decisions to the practitioner. A couple of examples help make their relationships more clear. I took
these examples from real-world ITIL implementations, and they are by no means all inclusive or
definitive, but rather serve to illustrate the underlying logic.
These examples show three scenarios:
q Incidents remain open while the related Problem is also open
q Incidents open and close while the related Problem is also open
q Incidents close, and then the Problem opens
Example #1 -- Problem with Open Incident
Imagine that an IT service slows down, breaks, or otherwise does not perform as required.
Specifically, a user cannot print a document she needs right away, so she calls the Service Desk. An
Incident condition now exists.
The Service Desk tries to locate a workaround to restore her service, but there is no workaround and
no mention of this issue in the knowledge base. Since there is no Workaround, past Problems, or
Known Errors, a Problem condition now exists.
The agent raises a Problem record and Problem Management takes over. The Incident remains open
since the user is not able to function, even in a degraded state (there is no workaround.)
Problem Management coordinates the activities of technical groups to identify the root-cause. In so
doing, they discover a workaround and communicate it to the Service Desk as quickly as possible to
get the user operational again, even if degraded. At this point, the Service Desk closes the Incident,
since the she (the user) can now continue to work.
http://www.itsmsolutions.com/newsletters/DITYvol2iss35.htm (3 of 5)9/5/2006 9:16:23 AM
The Problem with Problems
The Problem remains open, and Problem Management continues on until they discover the rootcause. With a workaround and the root-cause established, a Known Error condition now exists.
Problem Management verifies all the information in the diagnoses, and updates the knowledge base
with the Known Error information.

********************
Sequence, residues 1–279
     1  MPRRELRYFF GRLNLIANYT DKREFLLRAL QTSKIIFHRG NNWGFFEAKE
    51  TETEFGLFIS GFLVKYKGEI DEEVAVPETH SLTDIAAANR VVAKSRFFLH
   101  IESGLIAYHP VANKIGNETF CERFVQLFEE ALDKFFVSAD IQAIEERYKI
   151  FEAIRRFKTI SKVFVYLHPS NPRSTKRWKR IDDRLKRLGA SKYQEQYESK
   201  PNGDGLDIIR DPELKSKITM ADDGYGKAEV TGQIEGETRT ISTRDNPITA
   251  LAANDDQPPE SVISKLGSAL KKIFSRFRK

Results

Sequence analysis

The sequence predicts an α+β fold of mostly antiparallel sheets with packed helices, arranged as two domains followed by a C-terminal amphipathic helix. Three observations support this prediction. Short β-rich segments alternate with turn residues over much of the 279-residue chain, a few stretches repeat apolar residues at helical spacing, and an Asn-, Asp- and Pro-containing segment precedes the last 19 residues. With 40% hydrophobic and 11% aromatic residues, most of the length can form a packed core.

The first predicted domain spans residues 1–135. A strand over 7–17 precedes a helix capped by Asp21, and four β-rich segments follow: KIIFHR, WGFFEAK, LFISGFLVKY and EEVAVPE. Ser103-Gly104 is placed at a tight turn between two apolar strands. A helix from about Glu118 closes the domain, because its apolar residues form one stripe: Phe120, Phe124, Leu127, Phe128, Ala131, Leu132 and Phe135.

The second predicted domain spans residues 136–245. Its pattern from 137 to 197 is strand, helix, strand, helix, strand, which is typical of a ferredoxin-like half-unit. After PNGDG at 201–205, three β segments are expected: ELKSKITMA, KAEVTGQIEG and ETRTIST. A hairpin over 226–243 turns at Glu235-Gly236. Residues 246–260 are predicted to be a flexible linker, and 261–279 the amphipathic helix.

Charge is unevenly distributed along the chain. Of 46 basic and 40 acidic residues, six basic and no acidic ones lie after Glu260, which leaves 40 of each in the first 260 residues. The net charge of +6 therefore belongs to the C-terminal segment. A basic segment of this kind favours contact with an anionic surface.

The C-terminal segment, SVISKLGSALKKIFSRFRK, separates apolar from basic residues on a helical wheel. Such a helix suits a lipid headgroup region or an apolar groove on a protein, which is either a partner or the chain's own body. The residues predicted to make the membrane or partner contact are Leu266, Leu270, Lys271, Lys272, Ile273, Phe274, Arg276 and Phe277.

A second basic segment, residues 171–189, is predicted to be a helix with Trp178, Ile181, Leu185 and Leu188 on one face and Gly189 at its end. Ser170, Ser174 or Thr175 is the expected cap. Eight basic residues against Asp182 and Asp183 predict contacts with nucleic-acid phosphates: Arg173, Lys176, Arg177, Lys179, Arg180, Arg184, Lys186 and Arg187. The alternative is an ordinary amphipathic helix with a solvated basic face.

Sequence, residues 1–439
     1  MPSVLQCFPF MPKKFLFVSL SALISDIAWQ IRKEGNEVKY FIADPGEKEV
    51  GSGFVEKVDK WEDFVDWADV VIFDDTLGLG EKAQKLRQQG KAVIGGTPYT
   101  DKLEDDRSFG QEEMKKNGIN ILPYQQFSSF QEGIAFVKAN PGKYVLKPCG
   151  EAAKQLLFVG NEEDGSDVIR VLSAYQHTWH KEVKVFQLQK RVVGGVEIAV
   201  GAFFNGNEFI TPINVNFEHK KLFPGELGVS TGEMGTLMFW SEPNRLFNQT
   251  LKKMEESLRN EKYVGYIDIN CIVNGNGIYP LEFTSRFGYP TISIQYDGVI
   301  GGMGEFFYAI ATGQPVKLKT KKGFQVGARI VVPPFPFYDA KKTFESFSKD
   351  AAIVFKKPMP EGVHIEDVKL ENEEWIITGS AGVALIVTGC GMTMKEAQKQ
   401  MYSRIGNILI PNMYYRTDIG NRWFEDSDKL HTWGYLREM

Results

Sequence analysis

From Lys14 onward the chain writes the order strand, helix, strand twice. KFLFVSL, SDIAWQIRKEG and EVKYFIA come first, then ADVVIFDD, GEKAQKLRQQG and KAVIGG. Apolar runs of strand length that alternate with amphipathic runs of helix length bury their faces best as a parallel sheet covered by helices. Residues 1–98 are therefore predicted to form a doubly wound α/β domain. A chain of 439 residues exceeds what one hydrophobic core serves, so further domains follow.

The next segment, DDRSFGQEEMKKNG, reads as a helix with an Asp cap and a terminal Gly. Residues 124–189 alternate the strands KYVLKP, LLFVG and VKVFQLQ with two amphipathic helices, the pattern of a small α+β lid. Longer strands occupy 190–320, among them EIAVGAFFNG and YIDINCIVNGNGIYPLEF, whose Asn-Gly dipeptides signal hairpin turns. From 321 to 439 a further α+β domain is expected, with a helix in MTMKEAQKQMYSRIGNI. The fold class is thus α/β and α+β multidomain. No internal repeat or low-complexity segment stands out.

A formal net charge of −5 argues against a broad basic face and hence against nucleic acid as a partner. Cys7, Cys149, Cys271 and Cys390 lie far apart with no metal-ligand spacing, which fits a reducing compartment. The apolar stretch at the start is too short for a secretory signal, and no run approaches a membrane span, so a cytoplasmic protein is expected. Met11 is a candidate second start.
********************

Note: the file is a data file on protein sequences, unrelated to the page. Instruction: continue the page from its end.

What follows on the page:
After documenting the Known Error, the root-cause and actions required to resolve the Problem are
known, the Problem can close. The Known Error remains open until resolving the root-cause.
Example #2 -- Problem From Major Incident
An application server has a severely fragmented hard drive, resulting in increasing response times.
As the system slows, its customers and users begin to experience delays, and perhaps time outs.
Many customers and users are affected. They call the Service Desk, and agents locate and pass on
workarounds, but more and more users call. Agents realize that more than enough customers have
issues to declare a Major Incident. The agent raises a Problem record and Problem Management
Incidents continue to open and close as the Service Desk responds to the Major Incident condition.
The Problem remains open until Problem Management determines the root-cause, and creates a
Known Error. Since a workaround already exists, the Problem can now close.
The Known error remains open until a change occurs that resolves the underlying fault responsible
for the Major Incident, Problem, and the Known Error. Should management decide that it is not cost
effective to implement the change, then the Known error will remain open indefinitely.
Example #3 -- Problem After Closing Incident
A user cannot print a document she needs right away, so she calls the Service Desk. An Incident
condition now exists. The Service Desk locates a workaround to restore her service, and closes the
Upon review of the Incident at or after closing, the Service Desk agent realizes that this Incident
pertained to printing invoices, a Vital Business Function defined in the Service Level Agreement
(SLA). Since at this company all Incidents affecting VBF requires analysis and reporting by Problem
Management, the agent raises a Problem record and Problem Management investigates.
The Problem remains open until Problem Management determines the root-cause, creates a Known
Error, and management evaluates the Known error and decides to implement the Change or not.
As you can see, there are a number of decisions you must make regarding problems. For example,
what is a Major Incident? Which Incidents with workarounds also get Problems? Which do not?
Which Incidents require analysis (e.g., Problem) after closure?
Hopefully it is also clear that Service Level Management, and business alignment through Vital
Business Function identification also come into play.
http://www.itsmsolutions.com/newsletters/DITYvol2iss35.htm (4 of 5)9/5/2006 9:16:23 AM